My Dream Job: Naming Paint Colors

Paint chips
What’s in a name? You tell me. These chips represent the following paint colors: File Cabinet, Egg Yolk, Sugared Pansy Pink (no thanks), Toasted Marshmallow, Kalamata Olive, Love-in-a-Mist, and Pup Tent.

As time has ticked by, I’ve given up on many childhood aspirations, including certain dream jobs: astronaut (I’m prone to motion sickness), shark hunter (I’ve grown accustomed to having fingers), Yankees center fielder (darn you Mickey Mantle), and swimsuit-model suntan applicator (I’m cocoa butter intolerant). But, there’s one more dream job that I covet: I want to be the person who names paint colors.

It seems like a great job. There’s no heavy lifting, you’re not likely to be mangled by machinery, and apparently it’s impossible to do wrong. While shopping for interior paint recently I became quite bemused—and slightly confused—by the names assigned to paints.

Paint chips hanging on a wall in paint store.
The average home center offers a dizzying array of paint colors, and each store often carries two or more different lines of paint from several manufacturers.

Here are just a few actual paint colors: Poetic Princess, Ruffles, Spoonful of Sugar, Bride to Be, Messenger Bag, Jogging Path, Cargo Pants, Squirrel Tail, Tippy Toes, Grandma’s Sweater, Kitten Whiskers, Going to the Chapel, Un-Teal We Meet Again, Yin Yang, Squish-Squash, and Sticks & Stones. (Want to bet they’re working on a color called, Break Your Bones?)

Some paints sound as if they were named after condominium complexes: Maple Valley, Whispering Woods, Cedar Ridge, Crystal Springs, Harbor Town, Laurel Woods, and Warren Acres.

It’s also strange that so many paint colors have food-related titles: Spinach White, Apple Crunch, Celery Sticks, Salmon Peach, Pale Shrimp, Mixed Fruit, Bana-Appeal, Steamed Milk, Portobello, Flan, White Raisin, Fresh Guacamole, Hearts of Palm, Creamy Oat, Toasted Pumpkin, Pineapple Upside Down Cake, and Sonic Plum. Are displaced chefs working for paint manufacturers?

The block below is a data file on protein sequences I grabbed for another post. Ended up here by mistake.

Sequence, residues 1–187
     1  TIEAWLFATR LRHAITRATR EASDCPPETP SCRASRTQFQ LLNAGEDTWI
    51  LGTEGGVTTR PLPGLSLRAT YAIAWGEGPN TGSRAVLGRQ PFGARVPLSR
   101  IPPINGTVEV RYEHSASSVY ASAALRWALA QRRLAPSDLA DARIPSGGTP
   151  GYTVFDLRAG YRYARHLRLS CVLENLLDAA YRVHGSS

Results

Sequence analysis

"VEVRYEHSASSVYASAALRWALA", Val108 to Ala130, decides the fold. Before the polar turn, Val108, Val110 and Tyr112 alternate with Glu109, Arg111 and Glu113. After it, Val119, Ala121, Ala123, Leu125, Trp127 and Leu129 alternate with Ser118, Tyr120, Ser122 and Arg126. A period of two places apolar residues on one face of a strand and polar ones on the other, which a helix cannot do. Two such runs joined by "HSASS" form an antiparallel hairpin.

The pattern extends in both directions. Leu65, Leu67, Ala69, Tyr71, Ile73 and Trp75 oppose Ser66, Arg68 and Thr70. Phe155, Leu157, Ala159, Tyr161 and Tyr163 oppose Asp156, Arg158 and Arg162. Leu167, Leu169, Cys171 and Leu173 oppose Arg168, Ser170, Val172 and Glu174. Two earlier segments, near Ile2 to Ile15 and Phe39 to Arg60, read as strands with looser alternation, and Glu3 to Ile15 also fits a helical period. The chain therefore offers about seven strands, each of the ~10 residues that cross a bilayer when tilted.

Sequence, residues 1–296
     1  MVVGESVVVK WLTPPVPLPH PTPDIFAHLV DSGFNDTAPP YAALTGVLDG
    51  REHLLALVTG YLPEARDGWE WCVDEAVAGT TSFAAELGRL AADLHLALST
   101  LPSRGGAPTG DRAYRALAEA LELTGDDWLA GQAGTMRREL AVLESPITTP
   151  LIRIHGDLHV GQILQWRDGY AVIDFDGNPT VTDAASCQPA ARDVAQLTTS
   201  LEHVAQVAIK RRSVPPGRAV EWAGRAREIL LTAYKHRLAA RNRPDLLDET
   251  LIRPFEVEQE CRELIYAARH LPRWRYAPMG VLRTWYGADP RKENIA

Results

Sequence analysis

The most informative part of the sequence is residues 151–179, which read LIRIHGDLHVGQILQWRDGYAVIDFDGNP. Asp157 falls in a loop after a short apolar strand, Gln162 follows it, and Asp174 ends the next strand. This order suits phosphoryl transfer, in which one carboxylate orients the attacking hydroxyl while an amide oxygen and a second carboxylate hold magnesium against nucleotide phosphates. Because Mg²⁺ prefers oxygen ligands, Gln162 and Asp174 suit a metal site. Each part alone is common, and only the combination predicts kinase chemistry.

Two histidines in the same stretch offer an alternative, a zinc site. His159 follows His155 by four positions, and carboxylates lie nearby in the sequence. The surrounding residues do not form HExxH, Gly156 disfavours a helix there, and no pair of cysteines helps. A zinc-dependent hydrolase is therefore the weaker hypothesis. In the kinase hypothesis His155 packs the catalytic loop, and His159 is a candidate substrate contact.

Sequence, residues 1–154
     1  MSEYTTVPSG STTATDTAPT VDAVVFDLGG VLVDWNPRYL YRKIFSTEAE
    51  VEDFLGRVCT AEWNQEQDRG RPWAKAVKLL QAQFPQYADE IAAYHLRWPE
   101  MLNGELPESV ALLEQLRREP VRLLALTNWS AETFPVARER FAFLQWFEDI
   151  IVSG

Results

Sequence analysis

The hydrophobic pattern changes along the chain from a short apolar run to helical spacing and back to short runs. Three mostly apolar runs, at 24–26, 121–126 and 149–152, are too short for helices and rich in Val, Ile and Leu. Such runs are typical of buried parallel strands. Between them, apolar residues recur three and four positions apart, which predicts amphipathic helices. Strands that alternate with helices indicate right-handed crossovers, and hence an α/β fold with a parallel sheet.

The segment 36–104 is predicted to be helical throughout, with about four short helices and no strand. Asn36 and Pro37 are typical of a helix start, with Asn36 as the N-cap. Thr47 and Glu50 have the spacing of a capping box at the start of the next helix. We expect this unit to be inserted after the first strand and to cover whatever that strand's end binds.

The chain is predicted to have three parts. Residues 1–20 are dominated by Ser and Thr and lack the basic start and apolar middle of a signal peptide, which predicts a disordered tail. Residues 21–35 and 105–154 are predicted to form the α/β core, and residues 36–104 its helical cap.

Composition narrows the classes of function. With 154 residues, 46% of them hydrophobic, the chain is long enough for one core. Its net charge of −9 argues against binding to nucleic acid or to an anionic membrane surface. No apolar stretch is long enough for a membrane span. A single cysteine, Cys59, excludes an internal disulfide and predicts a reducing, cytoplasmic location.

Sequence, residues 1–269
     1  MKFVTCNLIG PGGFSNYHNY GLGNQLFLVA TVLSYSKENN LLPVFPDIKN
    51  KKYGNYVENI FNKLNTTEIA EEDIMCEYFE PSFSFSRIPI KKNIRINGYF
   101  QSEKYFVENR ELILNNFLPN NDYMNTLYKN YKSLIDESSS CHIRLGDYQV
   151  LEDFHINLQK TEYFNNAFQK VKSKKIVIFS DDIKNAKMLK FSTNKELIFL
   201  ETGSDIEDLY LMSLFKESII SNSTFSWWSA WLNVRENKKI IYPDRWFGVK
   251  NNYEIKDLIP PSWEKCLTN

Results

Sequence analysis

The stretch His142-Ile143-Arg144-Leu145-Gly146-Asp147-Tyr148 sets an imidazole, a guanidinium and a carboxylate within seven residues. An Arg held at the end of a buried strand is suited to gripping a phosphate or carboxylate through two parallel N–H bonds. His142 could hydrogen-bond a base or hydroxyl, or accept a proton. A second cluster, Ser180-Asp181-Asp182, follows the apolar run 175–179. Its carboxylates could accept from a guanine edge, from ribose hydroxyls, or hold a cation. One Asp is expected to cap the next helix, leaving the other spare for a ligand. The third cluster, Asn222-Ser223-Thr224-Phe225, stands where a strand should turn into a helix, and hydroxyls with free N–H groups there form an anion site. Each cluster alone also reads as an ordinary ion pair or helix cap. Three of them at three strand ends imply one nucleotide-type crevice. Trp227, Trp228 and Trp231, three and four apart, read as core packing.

Animal names are big, too, even though they don’t make much sense: Fawn’s Leap, Crocodile, Box Turtle, Horsehair, Black Fox, Yellow Warbler, Tiger Eye, White Duck, Illusive Fawn, and Roaming Pony.

Fan deck of paint colors.
A typical fan deck of paint chips contains over 400 different paint colors, and each has its own unique name.

Like most of us, I suspect the folks who name paint colors have days when their hearts—and heads— just aren’t into their jobs. Otherwise, what sensible explanation could there possibly be for the following clueless paint names: Fusion, Mysterious, Stunning, Balmy, Anonymous, Brainstorm, Vibrant, Enchanting, Composed, Outrageous, Retreat, Grounded, Enigma, Breathless, Howard, Claude, Gymnast, and Someday (as in, “someday” I’ll eventually get around to painting this room).

None of these names give the slightest clue as to the shade of paint. Plus, who wants to admit to painting their bedroom a lovely shade of Bagel. (Yes, there actually is a paint color named, Bagel; I guess you’d have to find a paint called, Cream Cheese for the room’s trim.)

If I were ever fortunate enough to get the call from Behr’s Paints or Sherwin Williams, I’d introduce my own line of signature paints, based on delicatessen cold cuts. You know, something like, German Bologna Brown, Carefree Corned Beef, Heavenly Hard Salami, Pouty Prosciutto, and Obstinate Olive Loaf.

Hey, those names make as much sense as Marry Me, Fringed Jacket, I’ve Got the Blues, Cowboy Boots, Once Upon a Time, Dream I Can Fly, Cheerful Hue, Scrubland, or Knubby Wool, which are all real paint colors.


  1. I would like a job naming colors, do you create a line to do so or is it that a line will be created and then there will be the need? How do I go about naming red leftover tomato soup? 🙂

  2. Actually, paint namers put a huge amount of effort into their jobs. They travel to new locations every year for every new paint line, taking photographs of even the weirdest of things. That’s partially why the names can get a little abstract. Paint names are a huge part of marketing for the paint industry. Almost half of paint customers say that the name of the paint directly influenced their choice.

  3. So just how do I go about getting the “dreamed of since I was young” job of naming paint? I’m retired, creative, artistic and have a great sense of humor, and I have a keen sense of color appreciation. Let me know!

    • That’s a good question, Deb! Joe mentioned how nice it would be to “get the call” from Behr’s Paints or Sherwin-Williams.
      We’d recommend calling them and inquiring about it.
      Let us know how it goes! 🙂


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